Do You Have a Case?

A Guide to Employment Discrimination: Not Listed

You May Not have a Case

If a protected class characteristic was not the reason you experienced this treatment, it is unlikely that you experienced unlawful discrimination. To be illegal under the Human Rights Act, your employer's action must have happened BECAUSE of your "protected class status" — because of one of the reasons listed in the previous section.

You may wish to continue this guide for educational purposes by selecting one of the protected class reasons listed in the previous section.

If you would like to provide us with more information now, through this web site, you may fill out a complaint inquiry form.

FAQ about THe MN Human Rights Act

Are only certain kinds of people protected?

The Human Rights Act protects everyone in Minnesota. Everyone has a race and a sex, for example, and if they experience discrimination because of their race or sex, they are protected.

In some cases, you are protected under the Human Rights Act even if you don't have the particular characteristic at issue & if you are perceived as having that characteristic. If you are fired, or other adverse job action is taken, because your employer thinks you have a disability, that may be unlawful discrimination. The same is true if you face discrimination because someone believes you are gay (or not gay), no matter what your sexual orientation.

Isn't abusive, demeaning behavior a violation of my human rights?

The state Human Rights Act is rather specific; it prohibits discrimination involving certain "protected classes." It doesn't prohibit general unfairness or abusive behavior that is unrelated to a protected class.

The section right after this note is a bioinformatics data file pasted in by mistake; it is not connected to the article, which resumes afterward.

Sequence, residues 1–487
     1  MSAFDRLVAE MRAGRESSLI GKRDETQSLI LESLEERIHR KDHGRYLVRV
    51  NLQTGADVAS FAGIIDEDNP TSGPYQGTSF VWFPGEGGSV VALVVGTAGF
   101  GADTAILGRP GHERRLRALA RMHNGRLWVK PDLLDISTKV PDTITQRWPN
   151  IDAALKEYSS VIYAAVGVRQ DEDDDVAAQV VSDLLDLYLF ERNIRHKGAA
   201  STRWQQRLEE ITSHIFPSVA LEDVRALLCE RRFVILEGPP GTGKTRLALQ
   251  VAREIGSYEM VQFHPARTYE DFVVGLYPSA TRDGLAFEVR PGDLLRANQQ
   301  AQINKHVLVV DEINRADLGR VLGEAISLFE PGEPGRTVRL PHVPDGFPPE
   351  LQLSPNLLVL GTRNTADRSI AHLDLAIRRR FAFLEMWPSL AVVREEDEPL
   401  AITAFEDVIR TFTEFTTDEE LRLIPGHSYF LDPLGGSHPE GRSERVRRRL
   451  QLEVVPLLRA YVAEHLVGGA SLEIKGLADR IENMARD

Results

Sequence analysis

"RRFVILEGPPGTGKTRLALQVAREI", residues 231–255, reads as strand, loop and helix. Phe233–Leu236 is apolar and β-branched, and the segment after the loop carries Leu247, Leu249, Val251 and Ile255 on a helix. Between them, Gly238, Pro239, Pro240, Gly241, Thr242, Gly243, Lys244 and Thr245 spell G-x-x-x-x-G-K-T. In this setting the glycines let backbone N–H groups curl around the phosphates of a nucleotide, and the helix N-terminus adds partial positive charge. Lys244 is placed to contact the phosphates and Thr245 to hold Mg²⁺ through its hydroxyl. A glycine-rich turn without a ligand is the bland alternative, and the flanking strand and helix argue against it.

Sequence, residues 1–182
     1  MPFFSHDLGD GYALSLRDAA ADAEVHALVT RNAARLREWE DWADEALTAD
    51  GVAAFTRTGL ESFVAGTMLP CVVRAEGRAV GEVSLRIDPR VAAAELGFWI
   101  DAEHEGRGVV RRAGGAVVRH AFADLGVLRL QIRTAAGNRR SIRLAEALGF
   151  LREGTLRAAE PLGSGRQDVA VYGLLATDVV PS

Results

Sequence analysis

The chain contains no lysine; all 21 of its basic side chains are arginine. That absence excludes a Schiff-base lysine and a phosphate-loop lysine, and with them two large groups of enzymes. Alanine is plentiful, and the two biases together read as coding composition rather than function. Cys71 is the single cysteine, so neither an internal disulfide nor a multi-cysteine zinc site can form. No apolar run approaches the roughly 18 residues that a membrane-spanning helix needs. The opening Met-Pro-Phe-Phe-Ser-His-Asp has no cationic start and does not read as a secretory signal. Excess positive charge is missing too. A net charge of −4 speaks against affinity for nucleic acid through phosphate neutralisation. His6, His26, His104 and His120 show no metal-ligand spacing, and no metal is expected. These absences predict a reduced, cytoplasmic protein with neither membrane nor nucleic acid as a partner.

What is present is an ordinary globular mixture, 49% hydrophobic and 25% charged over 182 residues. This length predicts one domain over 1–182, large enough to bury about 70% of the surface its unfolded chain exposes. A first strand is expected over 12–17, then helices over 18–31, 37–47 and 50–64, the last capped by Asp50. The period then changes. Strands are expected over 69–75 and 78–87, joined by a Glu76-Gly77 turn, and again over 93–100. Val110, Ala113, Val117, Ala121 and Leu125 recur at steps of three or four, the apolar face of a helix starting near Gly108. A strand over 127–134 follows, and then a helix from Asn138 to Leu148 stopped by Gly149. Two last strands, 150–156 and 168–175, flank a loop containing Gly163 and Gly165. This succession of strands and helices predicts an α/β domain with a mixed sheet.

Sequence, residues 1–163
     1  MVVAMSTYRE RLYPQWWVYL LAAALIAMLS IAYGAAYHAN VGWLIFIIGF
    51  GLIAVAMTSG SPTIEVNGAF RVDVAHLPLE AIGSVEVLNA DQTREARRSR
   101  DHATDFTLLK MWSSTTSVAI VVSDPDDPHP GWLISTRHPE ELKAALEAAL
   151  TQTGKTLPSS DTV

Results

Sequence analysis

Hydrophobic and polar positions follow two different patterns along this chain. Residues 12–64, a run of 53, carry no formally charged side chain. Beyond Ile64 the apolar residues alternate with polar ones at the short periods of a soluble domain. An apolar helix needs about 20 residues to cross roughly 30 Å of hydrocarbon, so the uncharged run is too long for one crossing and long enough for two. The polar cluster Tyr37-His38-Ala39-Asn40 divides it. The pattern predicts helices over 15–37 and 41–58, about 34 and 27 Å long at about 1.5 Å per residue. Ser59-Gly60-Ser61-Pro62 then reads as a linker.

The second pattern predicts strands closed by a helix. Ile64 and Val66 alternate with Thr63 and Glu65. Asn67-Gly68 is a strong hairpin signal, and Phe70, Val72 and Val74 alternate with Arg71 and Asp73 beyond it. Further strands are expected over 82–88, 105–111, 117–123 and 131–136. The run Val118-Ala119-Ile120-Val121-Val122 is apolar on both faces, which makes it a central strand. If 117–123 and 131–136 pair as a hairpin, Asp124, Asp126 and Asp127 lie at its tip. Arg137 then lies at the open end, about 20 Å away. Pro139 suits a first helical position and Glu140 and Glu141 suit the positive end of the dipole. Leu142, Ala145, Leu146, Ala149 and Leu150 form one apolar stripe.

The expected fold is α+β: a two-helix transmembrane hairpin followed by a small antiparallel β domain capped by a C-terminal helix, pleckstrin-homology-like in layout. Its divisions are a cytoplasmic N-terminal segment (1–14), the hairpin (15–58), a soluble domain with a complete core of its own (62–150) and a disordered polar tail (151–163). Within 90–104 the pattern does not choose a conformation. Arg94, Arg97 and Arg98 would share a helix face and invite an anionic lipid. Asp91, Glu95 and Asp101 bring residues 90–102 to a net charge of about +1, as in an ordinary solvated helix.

Do you mean my employer can do anything he wants?

Employers have a great deal of discretion. Unless there is a contract that says otherwise, they can hire or fire an employee for a good reason, a bad reason, or no reason at all — as long is it's not a discriminatory reason involving a particular protected class. An employee, similarly, can generally quit at any time for any reason.

If my problem isn't one that's covered under the Minnesota Human Rights Act, do I have any other options?

The Human Rights Act isn't the only law protecting your rights in the workplace. Laws covering overtime, employee breaks, and workplace safety issues are enforced by the state Department of Labor and Industry. If you are concerned about those issues, you might contact them.

You can also hire a private attorney (which you can do whether or not you file a charge with the Department of Human Rights.) The Department, however, is unable to advise you in this matter.

Are there other agencies that investigate discrimination?

There are other agencies that investigate discrimination in employment, including the Equal Opportunity Employment Commission (EEOC), the Minneapolis Department of Civil rights and the St. Paul Human Rights Department (for cases within their jurisdictions). However, the laws they enforce are similar to the state Human Rights Act.

(You cannot file simultaneously with more than one agency. Employment charges filed with Department of Human Rights are automatically cross filed with the EEOC, and vice-versa, although only one agency investigates.)